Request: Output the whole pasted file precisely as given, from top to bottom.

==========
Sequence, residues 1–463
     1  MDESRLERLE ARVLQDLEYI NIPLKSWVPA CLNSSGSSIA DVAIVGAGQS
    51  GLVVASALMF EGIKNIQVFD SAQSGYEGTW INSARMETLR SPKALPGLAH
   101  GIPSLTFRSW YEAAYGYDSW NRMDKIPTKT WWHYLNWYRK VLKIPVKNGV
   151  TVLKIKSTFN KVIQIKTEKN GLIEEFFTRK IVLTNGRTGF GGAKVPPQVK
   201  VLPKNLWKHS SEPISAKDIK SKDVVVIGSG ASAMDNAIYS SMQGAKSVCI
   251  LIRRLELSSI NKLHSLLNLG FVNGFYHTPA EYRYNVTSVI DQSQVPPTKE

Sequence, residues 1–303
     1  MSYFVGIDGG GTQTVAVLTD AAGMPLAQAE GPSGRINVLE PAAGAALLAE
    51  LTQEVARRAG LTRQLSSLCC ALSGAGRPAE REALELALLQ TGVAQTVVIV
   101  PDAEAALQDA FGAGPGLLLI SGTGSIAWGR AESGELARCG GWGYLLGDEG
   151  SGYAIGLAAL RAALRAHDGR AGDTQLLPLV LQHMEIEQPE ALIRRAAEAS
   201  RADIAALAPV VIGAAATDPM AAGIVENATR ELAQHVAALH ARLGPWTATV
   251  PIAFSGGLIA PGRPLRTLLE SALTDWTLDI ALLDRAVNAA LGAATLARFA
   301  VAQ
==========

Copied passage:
Sequence, residues 1–463
     1  MDESRLERLE ARVLQDLEYI NIPLKSWVPA CLNSSGSSIA DVAIVGAGQS
    51  GLVVASALMF EGIKNIQVFD SAQSGYEGTW INSARMETLR SPKALPGLAH
   101  GIPSLTFRSW YEAAYGYDSW NRMDKIPTKT WWHYLNWYRK VLKIPVKNGV
   151  TVLKIKSTFN KVIQIKTEKN GLIEEFFTRK IVLTNGRTGF GGAKVPPQVK
   201  VLPKNLWKHS SEPISAKDIK SKDVVVIGSG ASAMDNAIYS SMQGAKSVCI
   251  LIRRLELSSI NKLHSLLNLG FVNGFYHTPA EYRYNVTSVI DQSQVPPTKE

Sequence, residues 1–303
     1  MSYFVGIDGG GTQTVAVLTD AAGMPLAQAE GPSGRINVLE PAAGAALLAE
    51  LTQEVARRAG LTRQLSSLCC ALSGAGRPAE REALELALLQ TGVAQTVVIV
   101  PDAEAALQDA FGAGPGLLLI SGTGSIAWGR AESGELARCG GWGYLLGDEG
   151  SGYAIGLAAL RAALRAHDGR AGDTQLLPLV LQHMEIEQPE ALIRRAAEAS
   201  RADIAALAPV VIGAAATDPM AAGIVENATR ELAQHVAALH ARLGPWTATV
   251  PIAFSGGLIA PGRPLRTLLE SALTDWTLDI ALLDRAVNAA LGAATLARFA
   301  VAQ